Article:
We read with great interest the article of Stintzing et al. published in Annals of Oncology on July 2012 [1] and would make a few remarks.

The results of this unplanned retrospective analysis, carried out on 96 KRAS-mutated colorectal cancer patients, did not show any substantial difference in terms of response rate, progression-free and overall survival between anti-epidermal growth factor receptor- and anti-vascular endothelial growth factor-based treatments. These results may be just related to operative bias: for example, the similar response rate observed in the cetuximab and bevacizumab arms is explainable by the lack of independent radiological review and the limitation of standard radiological assessment for anti-angiogenic treatments, which may delay disease progression mainly through disease stabilization: in fact, biological response is often characterized by a reduction of lesions' density, without a substantial RECIST response [2].

Overall survival seemed to favour cetuximab over bevacizumab (22.7 versus 18.7 months), although this difference was not statistically significant (HR = 0.86, 95% CI, 0.55–1.35; P = 0.55). Since cetuximab arm was affected by a higher and earlier dropout rate, it is possible that lower median treatment duration in the cetuximab arm may have led to earlier initiation of effective bevacizumab-based second-line treatment. In fact, half of the patients treated with FOLFIRI plus cetuximab received subsequent bevacizumab-based regimens. Not surprisingly, a combination of bevacizumab and oxaliplatin-based regimens was shown to prolong overall survival in the second-line setting [3].

Even though the addition of cetuximab to FOLFIRI regimen seems to be at least not detrimental for progression-free survival in KRAS-mutated patients, [4] the apparent lack of benefit from the addition of bevacizumab could also derive from confounding factors and imbalance between prognostic factors rather than KRAS mutation itself. For example, the rate of patients undergoing surgery was twice as high in the cetuximab arm: although this is clearly not attributable to treatment (given the identical response rate in both the arms), a multimodality strategy may have improved progression-free and overall survival in patients treated with the cetuximab-based combination.

The authors stated that KRAS G13D mutations, found in 20% of cases, may be associated with poorer prognosis independently of the treatment arm. However, in the recently published pooled analysis of CRYSTAL and OPUS trials, KRAS G13D-mutated patients receiving first-line chemotherapy alone failed to show a statistically significant difference in terms of progression-free survival and overall survival, when compared with other KRAS-mutated subtypes [5].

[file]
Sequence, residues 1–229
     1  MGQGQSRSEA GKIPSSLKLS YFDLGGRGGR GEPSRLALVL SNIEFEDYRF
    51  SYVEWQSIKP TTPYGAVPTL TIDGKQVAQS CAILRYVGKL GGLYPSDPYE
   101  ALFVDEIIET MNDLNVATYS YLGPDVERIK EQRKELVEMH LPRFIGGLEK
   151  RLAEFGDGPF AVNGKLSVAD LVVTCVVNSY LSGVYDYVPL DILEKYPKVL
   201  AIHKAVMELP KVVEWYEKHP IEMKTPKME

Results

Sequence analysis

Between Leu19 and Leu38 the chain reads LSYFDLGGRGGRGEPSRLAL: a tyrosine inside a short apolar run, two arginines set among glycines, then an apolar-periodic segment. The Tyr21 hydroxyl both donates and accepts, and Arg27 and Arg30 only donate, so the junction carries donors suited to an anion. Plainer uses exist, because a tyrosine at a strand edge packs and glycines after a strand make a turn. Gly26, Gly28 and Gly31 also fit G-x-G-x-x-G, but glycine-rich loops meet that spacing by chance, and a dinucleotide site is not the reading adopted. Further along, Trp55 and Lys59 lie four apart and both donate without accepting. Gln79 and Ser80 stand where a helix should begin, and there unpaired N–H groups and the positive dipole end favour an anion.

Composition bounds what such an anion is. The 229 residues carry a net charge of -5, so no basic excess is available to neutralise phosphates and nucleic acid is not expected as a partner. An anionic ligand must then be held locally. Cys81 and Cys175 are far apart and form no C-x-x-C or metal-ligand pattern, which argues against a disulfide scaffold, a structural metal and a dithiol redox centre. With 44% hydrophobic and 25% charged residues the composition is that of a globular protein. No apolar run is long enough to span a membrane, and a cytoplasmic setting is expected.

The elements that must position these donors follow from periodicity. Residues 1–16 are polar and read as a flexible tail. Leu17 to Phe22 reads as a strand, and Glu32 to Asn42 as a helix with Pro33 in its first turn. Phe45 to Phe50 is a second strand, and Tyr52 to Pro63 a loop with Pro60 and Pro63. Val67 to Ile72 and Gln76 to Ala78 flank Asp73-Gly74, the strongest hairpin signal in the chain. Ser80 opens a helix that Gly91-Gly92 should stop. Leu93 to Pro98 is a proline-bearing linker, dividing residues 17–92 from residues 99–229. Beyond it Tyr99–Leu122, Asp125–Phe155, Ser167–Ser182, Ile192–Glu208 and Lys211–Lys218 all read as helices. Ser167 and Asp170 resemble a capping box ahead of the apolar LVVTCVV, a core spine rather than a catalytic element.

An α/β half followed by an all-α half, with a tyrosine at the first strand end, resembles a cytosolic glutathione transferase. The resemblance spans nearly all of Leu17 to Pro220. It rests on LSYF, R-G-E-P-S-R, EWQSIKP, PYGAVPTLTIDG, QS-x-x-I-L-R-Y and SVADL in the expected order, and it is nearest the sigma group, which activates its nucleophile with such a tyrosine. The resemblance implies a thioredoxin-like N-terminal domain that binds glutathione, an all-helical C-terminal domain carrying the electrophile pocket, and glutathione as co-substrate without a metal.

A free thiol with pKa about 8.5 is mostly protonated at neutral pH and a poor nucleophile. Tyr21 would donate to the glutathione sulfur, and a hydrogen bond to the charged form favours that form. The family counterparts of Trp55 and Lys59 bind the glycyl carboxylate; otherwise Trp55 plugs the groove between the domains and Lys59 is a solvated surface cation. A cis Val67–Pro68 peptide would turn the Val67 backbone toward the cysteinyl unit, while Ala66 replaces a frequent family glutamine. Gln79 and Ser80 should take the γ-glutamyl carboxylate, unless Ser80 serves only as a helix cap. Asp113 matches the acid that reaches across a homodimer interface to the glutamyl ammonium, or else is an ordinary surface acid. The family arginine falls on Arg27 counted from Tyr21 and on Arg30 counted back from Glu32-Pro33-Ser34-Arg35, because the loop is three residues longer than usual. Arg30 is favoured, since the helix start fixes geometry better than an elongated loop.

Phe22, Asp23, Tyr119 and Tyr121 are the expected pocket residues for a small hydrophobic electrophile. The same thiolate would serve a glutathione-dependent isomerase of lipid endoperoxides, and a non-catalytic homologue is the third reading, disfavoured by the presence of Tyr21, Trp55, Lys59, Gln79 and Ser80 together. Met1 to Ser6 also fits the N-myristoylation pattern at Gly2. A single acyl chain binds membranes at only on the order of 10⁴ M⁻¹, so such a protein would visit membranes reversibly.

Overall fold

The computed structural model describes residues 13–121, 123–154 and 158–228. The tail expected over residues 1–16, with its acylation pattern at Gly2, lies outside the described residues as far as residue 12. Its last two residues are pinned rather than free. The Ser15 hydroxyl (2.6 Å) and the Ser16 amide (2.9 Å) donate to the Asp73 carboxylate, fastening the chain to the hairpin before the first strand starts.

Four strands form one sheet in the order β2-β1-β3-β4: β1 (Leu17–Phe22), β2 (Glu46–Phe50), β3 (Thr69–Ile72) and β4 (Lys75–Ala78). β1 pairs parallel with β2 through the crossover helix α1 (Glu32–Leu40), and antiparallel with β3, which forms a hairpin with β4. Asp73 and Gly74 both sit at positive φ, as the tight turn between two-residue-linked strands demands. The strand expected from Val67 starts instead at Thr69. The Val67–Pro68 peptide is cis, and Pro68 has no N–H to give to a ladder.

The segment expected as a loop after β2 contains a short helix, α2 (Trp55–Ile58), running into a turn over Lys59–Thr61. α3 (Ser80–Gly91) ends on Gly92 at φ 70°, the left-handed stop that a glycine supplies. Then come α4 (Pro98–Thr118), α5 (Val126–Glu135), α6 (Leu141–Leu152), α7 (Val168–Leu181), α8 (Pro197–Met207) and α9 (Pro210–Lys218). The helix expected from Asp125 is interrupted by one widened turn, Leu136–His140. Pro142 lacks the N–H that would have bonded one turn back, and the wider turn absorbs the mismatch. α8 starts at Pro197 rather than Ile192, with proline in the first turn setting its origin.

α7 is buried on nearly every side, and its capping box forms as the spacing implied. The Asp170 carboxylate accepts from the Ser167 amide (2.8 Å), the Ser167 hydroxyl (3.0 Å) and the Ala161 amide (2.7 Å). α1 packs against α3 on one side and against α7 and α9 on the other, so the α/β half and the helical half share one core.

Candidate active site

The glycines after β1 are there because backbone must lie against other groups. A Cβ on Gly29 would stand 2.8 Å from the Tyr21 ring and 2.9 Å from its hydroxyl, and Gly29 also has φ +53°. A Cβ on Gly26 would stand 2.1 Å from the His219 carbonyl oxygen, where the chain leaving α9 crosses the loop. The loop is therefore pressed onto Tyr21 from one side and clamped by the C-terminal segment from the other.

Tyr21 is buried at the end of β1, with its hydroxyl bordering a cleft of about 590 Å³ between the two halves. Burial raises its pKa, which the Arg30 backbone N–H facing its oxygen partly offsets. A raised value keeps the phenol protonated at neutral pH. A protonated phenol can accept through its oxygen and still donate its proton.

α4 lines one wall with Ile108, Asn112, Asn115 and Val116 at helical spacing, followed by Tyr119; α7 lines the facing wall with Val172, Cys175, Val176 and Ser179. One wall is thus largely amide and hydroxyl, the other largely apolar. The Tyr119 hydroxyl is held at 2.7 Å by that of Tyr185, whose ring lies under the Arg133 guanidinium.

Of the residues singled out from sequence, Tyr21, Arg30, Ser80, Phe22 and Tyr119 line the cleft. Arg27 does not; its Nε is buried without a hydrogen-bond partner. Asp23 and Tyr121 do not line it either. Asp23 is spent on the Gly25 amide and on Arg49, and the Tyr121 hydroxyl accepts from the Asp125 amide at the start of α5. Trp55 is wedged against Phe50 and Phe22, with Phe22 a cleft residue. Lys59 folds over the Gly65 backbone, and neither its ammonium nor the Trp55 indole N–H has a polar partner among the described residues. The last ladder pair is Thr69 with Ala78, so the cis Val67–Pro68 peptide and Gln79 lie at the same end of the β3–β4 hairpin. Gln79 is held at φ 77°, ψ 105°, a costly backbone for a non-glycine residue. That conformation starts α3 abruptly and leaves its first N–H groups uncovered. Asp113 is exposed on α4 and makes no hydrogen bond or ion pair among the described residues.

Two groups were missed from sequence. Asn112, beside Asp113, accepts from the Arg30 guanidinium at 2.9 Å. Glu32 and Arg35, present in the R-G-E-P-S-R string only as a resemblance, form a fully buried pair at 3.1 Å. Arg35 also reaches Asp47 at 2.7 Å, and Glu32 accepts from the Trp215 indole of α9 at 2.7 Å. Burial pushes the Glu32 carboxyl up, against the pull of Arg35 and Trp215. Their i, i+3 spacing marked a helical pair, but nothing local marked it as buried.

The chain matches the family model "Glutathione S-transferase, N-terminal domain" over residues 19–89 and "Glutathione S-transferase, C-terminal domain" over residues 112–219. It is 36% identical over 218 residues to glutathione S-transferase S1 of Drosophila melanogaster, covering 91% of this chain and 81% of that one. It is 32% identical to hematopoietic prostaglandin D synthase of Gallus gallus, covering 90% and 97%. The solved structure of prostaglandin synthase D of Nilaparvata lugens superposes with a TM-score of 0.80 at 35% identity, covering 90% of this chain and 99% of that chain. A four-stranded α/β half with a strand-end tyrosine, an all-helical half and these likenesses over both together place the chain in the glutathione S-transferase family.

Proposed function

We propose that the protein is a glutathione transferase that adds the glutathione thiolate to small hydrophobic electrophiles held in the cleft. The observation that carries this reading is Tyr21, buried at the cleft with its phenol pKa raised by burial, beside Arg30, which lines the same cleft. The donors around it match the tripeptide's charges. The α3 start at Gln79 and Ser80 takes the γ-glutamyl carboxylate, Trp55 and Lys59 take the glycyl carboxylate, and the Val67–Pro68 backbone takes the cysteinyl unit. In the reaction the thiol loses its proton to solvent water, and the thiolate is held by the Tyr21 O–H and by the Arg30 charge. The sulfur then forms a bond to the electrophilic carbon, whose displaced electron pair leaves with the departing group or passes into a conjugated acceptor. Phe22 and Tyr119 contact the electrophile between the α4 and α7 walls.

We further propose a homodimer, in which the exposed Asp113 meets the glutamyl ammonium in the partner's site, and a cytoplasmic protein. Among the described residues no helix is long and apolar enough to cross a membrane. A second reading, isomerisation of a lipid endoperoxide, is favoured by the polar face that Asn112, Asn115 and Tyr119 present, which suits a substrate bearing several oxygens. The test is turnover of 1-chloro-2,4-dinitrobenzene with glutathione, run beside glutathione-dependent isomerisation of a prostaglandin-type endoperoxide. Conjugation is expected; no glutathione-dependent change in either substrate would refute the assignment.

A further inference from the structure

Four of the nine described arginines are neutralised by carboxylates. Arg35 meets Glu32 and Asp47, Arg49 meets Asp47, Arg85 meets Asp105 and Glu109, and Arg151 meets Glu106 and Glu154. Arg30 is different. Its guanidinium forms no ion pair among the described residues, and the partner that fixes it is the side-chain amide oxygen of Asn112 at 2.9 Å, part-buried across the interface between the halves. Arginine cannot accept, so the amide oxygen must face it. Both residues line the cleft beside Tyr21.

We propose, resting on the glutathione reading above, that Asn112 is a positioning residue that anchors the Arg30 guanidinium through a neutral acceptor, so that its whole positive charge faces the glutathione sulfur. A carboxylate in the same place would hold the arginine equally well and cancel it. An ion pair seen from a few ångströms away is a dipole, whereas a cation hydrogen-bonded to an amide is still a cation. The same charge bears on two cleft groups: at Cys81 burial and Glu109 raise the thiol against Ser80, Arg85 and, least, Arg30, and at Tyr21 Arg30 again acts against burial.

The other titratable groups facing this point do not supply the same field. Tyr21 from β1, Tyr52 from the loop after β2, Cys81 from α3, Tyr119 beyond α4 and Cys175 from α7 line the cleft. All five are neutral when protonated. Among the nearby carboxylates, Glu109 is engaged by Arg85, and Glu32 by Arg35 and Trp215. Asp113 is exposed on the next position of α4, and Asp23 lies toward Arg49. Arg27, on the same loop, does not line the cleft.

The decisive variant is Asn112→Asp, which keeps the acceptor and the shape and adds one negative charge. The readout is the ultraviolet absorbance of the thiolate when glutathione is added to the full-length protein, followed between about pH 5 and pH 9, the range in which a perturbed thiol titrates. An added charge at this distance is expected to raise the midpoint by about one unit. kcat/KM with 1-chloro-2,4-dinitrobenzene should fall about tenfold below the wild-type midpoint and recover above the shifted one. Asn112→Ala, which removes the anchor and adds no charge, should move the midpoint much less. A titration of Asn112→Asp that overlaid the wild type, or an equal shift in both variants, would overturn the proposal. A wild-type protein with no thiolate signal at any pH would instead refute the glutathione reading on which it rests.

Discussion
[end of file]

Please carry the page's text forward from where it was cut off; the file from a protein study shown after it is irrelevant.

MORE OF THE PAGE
We believe that the study of Stintzing et al. is particularly valuable because it stimulates the investigation on the predictive role of KRAS mutation in bevacizumab-based treatment. However, given the small sample and evidence of great benefit of bevacizumab independently of KRAS status, [6] the preliminary nature of these results add a few more to what was previously known and any conclusions about the present analysis should be drawn very carefully.

references

1
Stintzing
S
Fischer von Weikersthal
L
Decker
T
, et al.  . 
FOLFIRI plus cetuximab versus FOLFIRI plus bevacizumab as first-line treatment for patients with metastatic colorectal cancer––subgroup analysis of patients with KRAS: mutated tumours in the randomised German AIO study KRK-0306
Ann Oncol
 , 
2012
, vol. 
23
 (pg. 
1693
-
1699
)
2
Chun
YS
Vauthey
JN
Boonsirikamchai
P
, et al.  . 
Association of computed tomography morphologic criteria with pathologic response and survival in patients treated with bevacizumab for colorectal liver metastasis
JAMA
 , 
2009
, vol. 
302
 (pg. 
2338
-
2344
)
3
Giantonio
BJ
Catalano
PJ
Meropol
NJ
, et al.  . 
Bevacizumab in combination with oxaliplatin, fluorouracil, and leucovorin (FOLFOX4) for previously treated metastatic colorectal cancer: Results from the Eastern Cooperative Oncology Group Study E3200
J Clin Oncol
 , 
2007
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25
 (pg. 
1539
-
1544
)
4
Van Cutsem
E
Köhne
CH
Láng
I
, et al.  . 
Cetuximab plus irinotecan, fluorouracil, and leucovorin as first-line treatment for metastatic colorectal cancer: updated analysis of overall survival according to tumor KRAS and BRAF mutation status
J Clin Oncol
 , 
2011
, vol. 
29
 (pg. 
2011
-
2019
)
5
Tejpar
S
Celik
I
Schlichting
M
, et al.  . 
Association of KRAS G13D tumor mutations with outcome in patients with metastatic colorectal cancer treated with first-line chemotherapy with or without cetuximab
J Clin Oncol
 , 
2012
 
[Epub ahead of print]
6
Hurwitz
HI
Yi
J
Ince
W
, et al.  . 
The clinical benefit of bevacizumab in metastatic colorectal cancer is independent of K-ras mutation status: analysis of a phase III study of bevacizumab with chemotherapy in previously untreated metastatic colorectal cancer
Oncologist
 , 
2009
, vol. 
14
 (pg. 
22
-
28
)